Traditional healing and Utopian Turkish modernities
Robert Logan Sparks
(Long Island University)
Paper short abstract:
Traditional healers in modern Turkey represent a particular encounter between the supernatural and the ideals of Kemalism, merging the mystical with a project for an ideal future.
Paper long abstract:
Classically, anthropologists have taken an interest in what is often termed 'traditional healing' particularly in Africa, where the discipline formed much of its early ideas and epistemologies. However, forms of what can be called traditional healing can certainly be found in secular and modernized environments where there is access to contemporary health care, such as the US and Europe. A woman by the name of Zöhre Ana, from Turkey's minority Alevi community, represents a particular case of a practice and community closely related to the genre of traditional healing, but situated in a Kemalist modernity that is highly utopian in outlook. The approach to this case is via a look at both the pasts and futures of a politically active secularist Alevi healer via the significant saintly and state-sacralised figures from both Alevi and Kemalist tradition that make up her cosmology and oracular context. The figures that Zöhre Ana claims to channel are well known and venerated figures from Alevism, but also include a number of secular 'saints,' all of which indicate a worldview in which the secular is sacred, one that paints its canvas with the brush of an ideal Alevi and republican past; The teachings and nefes (inspired songs) of Zöhre Ana also project a future into the political arena including explicit support of the main secularist Kemalist party in Turkey. This case will give us an opportunity to explore and expand our notions and definitions of 'traditional' healing, utopian ideals and multiple modernities.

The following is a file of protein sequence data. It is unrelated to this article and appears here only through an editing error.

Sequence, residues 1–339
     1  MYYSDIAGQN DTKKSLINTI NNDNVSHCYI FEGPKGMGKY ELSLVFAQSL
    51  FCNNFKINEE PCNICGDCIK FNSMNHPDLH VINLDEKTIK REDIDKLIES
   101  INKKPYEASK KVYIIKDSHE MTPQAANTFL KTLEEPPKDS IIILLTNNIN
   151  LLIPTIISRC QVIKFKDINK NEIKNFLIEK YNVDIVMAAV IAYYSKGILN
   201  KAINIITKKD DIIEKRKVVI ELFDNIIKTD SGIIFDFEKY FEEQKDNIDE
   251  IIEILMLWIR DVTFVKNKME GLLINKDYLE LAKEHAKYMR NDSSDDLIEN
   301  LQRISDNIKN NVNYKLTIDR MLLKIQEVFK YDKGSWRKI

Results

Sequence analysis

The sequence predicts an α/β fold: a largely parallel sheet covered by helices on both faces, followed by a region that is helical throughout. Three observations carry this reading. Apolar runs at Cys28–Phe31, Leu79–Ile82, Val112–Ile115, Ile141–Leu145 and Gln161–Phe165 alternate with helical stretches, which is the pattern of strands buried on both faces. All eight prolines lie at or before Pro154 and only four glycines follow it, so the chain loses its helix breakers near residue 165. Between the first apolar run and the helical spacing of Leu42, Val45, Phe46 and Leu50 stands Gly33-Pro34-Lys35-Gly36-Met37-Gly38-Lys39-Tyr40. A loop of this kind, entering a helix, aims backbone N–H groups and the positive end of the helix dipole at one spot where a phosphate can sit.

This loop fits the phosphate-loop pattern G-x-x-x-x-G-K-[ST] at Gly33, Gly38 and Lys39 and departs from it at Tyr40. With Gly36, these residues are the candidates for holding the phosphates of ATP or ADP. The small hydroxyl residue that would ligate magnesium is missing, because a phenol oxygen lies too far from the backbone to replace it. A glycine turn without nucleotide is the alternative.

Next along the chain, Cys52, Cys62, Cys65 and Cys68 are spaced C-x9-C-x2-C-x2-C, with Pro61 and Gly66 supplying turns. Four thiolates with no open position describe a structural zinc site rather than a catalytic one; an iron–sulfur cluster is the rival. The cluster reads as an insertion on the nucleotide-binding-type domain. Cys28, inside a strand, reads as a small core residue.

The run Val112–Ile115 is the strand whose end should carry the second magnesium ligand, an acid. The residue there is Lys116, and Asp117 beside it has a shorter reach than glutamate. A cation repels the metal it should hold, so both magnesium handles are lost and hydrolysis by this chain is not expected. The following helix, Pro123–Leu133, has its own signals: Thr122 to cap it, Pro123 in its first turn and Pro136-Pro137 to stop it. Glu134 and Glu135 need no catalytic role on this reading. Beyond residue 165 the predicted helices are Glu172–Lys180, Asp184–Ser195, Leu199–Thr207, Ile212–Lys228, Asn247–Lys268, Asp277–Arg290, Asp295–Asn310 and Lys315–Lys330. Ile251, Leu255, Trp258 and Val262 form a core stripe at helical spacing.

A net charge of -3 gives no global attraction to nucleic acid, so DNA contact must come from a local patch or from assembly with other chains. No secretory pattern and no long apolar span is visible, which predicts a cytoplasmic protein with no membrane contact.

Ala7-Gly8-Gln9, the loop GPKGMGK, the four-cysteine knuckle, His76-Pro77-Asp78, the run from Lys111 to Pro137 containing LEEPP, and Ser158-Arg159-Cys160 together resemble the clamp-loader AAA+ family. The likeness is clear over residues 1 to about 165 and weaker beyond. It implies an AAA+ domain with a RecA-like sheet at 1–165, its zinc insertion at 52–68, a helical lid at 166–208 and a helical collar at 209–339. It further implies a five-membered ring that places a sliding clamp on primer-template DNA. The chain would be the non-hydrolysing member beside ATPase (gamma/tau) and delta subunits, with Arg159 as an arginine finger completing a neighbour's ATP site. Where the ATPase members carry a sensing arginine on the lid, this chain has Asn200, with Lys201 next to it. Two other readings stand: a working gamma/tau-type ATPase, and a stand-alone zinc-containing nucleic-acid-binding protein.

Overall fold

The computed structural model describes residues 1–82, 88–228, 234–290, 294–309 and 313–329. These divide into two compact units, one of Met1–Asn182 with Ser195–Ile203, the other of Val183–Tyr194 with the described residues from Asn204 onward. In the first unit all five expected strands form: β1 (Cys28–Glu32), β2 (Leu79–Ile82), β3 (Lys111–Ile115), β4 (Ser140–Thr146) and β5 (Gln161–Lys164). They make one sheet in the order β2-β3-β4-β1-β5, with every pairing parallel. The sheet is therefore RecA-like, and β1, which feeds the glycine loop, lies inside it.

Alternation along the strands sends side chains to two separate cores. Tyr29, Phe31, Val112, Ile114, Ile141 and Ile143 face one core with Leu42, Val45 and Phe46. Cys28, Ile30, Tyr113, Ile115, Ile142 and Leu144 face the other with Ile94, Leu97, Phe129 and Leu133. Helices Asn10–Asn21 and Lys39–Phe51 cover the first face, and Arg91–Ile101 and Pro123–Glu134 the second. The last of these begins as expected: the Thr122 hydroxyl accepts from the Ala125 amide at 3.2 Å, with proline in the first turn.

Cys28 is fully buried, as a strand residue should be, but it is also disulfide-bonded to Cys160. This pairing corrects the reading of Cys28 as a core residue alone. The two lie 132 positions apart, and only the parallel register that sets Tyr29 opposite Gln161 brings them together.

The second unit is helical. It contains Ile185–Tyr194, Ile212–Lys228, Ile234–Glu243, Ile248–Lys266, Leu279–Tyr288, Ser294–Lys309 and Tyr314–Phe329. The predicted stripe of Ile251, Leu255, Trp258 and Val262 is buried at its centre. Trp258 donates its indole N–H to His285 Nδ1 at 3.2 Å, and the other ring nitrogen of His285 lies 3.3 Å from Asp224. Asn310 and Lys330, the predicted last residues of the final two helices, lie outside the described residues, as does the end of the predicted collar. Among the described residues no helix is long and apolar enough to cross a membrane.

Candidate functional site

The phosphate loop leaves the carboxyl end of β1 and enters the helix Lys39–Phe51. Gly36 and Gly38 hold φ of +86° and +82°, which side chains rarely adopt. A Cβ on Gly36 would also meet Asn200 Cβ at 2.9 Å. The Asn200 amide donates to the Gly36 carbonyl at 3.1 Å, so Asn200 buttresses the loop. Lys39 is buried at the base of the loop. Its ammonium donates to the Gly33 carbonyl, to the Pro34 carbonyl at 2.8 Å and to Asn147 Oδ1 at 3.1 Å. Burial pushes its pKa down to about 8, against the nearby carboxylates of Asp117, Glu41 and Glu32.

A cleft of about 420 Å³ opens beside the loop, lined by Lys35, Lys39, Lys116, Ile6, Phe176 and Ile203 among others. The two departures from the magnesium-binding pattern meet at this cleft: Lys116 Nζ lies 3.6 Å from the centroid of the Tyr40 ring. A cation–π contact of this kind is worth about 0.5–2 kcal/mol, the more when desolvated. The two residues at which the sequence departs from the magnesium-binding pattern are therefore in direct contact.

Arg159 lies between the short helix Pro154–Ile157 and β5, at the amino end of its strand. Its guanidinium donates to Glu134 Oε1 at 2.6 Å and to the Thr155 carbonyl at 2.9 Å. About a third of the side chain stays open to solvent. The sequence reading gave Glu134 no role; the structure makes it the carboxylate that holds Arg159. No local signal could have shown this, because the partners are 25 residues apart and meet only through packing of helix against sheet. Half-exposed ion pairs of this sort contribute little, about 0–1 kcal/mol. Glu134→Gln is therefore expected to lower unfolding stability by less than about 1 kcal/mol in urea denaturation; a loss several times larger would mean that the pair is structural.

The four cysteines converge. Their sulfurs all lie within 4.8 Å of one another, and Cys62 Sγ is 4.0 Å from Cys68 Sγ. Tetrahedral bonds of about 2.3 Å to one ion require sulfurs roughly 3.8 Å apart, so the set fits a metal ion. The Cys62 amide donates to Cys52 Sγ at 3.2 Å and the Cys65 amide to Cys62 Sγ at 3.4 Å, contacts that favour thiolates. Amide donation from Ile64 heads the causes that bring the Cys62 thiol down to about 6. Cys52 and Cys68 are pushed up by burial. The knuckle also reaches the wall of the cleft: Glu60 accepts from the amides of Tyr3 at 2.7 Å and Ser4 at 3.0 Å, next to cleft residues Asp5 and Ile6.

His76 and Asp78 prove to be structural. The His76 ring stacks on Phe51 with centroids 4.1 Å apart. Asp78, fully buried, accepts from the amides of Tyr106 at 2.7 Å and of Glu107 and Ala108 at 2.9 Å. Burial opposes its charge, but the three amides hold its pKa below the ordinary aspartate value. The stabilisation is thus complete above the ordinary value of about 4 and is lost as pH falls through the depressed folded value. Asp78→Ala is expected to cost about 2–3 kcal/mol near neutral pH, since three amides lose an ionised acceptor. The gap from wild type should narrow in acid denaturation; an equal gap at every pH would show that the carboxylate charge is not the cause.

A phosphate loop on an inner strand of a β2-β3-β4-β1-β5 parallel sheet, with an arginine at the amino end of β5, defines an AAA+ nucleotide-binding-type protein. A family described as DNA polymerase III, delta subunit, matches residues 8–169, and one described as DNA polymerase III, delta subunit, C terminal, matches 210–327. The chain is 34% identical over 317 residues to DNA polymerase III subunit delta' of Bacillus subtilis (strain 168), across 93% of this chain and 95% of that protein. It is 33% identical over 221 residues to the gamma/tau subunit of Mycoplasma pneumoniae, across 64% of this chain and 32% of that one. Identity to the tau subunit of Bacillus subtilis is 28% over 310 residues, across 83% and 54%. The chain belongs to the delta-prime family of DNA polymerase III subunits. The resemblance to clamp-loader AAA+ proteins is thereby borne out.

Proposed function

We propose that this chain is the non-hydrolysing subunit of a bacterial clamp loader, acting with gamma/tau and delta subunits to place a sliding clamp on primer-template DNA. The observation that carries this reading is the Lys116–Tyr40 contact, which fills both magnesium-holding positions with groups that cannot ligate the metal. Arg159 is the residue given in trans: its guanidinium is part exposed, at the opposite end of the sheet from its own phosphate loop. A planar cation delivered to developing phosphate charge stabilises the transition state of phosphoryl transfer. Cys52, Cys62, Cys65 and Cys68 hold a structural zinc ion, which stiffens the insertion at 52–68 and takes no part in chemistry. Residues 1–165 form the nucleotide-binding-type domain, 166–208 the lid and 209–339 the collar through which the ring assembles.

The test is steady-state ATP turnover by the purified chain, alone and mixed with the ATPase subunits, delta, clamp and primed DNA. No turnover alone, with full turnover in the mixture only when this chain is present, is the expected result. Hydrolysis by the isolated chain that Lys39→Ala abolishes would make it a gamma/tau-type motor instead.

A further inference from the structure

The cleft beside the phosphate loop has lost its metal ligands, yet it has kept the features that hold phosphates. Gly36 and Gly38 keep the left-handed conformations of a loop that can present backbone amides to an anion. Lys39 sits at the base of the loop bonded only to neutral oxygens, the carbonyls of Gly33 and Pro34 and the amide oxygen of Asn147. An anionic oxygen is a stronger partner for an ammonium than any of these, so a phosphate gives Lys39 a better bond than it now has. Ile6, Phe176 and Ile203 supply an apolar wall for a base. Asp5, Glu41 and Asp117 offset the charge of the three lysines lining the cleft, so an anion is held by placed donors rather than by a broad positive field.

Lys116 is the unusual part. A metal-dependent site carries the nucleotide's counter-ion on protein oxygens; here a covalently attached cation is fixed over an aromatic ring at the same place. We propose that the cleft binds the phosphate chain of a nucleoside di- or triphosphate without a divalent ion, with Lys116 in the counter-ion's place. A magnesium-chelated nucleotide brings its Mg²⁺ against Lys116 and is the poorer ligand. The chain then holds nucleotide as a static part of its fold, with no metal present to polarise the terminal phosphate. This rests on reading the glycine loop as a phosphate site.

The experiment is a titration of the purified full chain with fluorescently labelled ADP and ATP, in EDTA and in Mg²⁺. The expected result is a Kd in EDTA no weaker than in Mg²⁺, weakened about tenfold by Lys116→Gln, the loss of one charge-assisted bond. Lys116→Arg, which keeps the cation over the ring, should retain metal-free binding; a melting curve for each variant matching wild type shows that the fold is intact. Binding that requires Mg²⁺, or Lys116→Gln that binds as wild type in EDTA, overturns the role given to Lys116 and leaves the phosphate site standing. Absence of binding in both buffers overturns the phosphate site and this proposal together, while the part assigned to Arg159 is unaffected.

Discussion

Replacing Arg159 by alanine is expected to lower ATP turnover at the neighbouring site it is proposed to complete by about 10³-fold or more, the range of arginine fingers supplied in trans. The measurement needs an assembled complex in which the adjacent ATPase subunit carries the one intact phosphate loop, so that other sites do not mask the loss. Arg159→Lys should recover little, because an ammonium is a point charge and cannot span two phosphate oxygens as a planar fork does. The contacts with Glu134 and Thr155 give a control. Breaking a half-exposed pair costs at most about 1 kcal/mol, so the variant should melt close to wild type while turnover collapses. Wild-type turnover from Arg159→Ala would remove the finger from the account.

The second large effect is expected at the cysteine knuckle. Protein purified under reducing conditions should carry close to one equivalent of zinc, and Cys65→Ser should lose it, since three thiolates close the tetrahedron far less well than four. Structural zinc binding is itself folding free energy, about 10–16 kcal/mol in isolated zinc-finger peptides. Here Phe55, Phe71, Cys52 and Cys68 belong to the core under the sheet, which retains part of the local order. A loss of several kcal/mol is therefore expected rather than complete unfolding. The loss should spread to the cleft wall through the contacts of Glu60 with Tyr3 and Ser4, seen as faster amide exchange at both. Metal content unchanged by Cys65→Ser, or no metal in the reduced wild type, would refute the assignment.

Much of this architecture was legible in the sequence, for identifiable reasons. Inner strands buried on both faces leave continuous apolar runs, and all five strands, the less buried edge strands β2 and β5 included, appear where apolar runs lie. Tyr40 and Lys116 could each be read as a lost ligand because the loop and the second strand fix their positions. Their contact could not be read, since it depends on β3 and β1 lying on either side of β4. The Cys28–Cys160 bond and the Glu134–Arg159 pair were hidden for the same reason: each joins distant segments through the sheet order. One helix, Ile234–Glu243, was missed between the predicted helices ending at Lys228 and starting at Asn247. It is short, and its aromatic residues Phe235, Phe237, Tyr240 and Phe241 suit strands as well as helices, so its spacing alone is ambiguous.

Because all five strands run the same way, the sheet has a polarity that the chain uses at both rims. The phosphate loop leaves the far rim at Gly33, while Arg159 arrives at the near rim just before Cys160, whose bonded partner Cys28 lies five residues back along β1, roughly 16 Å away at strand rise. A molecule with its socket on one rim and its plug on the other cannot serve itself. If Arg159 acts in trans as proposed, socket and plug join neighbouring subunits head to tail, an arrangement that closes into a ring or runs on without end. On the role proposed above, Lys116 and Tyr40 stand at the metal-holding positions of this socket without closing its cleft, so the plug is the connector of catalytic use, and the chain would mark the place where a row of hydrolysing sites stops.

Ritual and the utopian past